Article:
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In 1995, Sherry Turkle published Life on the Screen, addressing some of the aspects of human interaction through computers. It has been two decades and screens now run the world. The BBC reported recently that the average Briton spends more time looking at a screen than they do sleeping. With all that said, it just might be that the era of the screen is nearing an end.
Miniaturization has been the trend for many years, as digital technology shrinks down and down towards the nanoscale. In the last few years we’ve seen this in the high street with smaller mobile phones and hand-held video consoles appearing on the market.
I can remember how uncomfortable it seemed as a child to watch a TV programme on one of those little old televisions that people used to have in their kitchens or even in their cars. Yet now so many of us are glued to our small phones’ screens not only looking for our contacts’ phone numbers but visiting websites, taking, viewing and sharing photos, watching videos, reading the news, ad nauseum.
In recent years some phones like Samsung and the iPhone have bucked the trend in offering ever bigger screens in order to enhance the visibility of the applications.
Some of the latest models such as the Samsung Galaxy S6 and Apple iPhone 6 are rather slim but have increased their screen size by up to three times those of their earlier models.
The big screen itself – the cinema – has also erupted in size, with huge screens now available designed to enhance the viewers’ experience. Size is not the only thing that has changed, with louder and more surround sound, the 3D experience is getting more and more popular and some cinemas now even offering a 4D experience with jumping and vibrating seats trying to imitate the motion of the film.
Perhaps in part, this is all an effort to combat audiences lost to easy streaming of movies online and to dedicated film channels over digital television. Perhaps it is rather an unease over the medium itself. Cinema will be subject to changes in the nature of technology, arguably faster than the industry itself can innovate. The screen itself may be on the way out.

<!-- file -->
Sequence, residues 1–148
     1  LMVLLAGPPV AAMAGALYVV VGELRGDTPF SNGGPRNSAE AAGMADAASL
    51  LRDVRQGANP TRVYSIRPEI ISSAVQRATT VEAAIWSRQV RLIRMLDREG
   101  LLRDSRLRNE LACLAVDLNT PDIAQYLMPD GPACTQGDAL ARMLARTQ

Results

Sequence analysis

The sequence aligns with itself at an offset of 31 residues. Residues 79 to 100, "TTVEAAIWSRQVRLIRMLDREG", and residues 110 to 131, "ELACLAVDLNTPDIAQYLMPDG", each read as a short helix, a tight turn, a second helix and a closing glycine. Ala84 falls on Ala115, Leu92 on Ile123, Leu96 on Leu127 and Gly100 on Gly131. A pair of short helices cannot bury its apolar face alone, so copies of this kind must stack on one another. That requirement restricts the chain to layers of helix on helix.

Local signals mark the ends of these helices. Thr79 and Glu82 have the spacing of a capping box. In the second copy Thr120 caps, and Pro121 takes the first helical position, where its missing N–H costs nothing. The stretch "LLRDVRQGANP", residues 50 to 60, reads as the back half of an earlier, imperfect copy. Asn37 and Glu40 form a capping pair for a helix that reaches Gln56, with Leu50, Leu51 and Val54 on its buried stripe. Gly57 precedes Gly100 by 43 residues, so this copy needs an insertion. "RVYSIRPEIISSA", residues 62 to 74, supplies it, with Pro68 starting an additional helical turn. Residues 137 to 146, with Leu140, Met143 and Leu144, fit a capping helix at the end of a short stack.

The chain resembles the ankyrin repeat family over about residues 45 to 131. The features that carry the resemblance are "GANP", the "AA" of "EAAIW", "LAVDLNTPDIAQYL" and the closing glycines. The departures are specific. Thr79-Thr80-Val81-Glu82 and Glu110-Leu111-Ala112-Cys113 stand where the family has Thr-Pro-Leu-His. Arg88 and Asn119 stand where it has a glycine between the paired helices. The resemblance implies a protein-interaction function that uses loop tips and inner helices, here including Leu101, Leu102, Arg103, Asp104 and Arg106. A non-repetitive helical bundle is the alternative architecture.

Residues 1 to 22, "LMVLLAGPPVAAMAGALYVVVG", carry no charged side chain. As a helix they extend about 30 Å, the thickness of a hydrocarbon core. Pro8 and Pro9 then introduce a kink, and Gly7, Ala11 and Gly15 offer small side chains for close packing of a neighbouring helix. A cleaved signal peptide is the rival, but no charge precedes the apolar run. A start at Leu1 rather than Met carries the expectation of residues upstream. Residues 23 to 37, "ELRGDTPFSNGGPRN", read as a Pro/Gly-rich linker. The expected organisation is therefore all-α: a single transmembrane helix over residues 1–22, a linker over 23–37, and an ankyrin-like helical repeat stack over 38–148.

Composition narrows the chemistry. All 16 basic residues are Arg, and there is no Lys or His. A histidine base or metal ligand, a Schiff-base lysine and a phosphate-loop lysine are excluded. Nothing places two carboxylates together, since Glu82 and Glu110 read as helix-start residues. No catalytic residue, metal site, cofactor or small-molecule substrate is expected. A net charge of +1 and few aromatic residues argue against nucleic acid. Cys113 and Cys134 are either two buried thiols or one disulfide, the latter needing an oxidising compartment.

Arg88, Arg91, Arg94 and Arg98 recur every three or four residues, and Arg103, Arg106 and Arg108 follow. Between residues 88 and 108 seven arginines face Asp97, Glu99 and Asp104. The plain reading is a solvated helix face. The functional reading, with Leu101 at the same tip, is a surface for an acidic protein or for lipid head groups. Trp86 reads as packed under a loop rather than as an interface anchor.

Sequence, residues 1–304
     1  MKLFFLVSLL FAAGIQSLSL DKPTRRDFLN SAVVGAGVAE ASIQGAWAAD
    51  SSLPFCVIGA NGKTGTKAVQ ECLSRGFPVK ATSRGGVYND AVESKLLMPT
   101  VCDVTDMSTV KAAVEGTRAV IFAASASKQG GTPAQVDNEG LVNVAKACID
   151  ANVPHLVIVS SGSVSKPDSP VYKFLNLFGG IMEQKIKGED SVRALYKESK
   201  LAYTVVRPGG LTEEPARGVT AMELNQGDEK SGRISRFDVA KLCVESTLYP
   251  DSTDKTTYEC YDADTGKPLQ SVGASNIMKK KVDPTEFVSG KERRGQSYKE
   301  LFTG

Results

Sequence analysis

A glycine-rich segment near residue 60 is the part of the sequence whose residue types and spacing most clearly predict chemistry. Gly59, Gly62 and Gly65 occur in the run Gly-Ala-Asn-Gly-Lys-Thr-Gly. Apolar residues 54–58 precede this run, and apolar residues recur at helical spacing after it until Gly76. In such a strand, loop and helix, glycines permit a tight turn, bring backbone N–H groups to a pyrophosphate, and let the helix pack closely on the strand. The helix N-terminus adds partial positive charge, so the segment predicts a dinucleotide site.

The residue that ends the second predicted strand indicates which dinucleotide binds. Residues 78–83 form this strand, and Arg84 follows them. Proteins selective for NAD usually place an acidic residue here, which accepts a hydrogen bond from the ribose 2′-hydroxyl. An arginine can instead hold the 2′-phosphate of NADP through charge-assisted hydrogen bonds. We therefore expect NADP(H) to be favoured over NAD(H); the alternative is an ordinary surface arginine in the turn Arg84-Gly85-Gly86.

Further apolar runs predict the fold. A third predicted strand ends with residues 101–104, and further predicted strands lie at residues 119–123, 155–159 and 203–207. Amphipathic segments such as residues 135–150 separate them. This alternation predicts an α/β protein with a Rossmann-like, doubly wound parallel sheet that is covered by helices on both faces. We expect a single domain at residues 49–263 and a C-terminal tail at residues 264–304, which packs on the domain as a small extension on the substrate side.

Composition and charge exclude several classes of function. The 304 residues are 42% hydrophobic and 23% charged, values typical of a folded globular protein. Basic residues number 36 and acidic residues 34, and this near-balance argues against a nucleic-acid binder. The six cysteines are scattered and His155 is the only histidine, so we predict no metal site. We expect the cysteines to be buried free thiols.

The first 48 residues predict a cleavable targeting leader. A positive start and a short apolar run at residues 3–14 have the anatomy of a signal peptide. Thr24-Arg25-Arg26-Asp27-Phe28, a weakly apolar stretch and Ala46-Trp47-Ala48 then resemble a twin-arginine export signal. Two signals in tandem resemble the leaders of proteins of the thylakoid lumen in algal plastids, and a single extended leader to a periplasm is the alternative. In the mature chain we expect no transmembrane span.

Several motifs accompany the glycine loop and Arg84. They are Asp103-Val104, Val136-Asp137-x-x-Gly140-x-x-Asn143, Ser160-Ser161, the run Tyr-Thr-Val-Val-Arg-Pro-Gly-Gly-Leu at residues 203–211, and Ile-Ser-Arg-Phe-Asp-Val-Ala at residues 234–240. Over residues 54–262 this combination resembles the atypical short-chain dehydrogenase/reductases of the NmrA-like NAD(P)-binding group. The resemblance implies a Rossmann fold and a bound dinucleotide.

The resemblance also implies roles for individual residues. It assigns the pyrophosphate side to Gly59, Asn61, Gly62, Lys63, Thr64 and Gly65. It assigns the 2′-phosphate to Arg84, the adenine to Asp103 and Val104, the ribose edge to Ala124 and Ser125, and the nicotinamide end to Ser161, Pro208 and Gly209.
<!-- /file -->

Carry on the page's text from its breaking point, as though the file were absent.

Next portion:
Here is where augmented reality and virtual reality step in. Augmented reality with its potential to combine visual and physical objects, the real and the virtual juxtaposed in one environment, also stands to significantly transform both our relationship to cinema and to screens as such.
When information can be projected or otherwise overlaid on physical reality, why would we need screens? An interesting example is the Cicret project which aims to create a bracelet projecting a touchscreen onto a person’s arm with all the facilities offered by a phone screen available at the touch of a finger.
Look out for my next article, Stepping Through the Screen for a look at how virtual reality is set to transform cinema and the film industry, given time. When you can step inside the action and view it from any angle, you can truly be said to have transcended the screen.
Turkle, S. (1995) Life on the Screen: Identity on the Age of the Internet, New York: Touchstone.
Yuichi, O. and Hideyuki, T. (2014) Mixed Reality: Merging Real and Virtual Worlds, Springer, ISBN:3642875149 9783642875144
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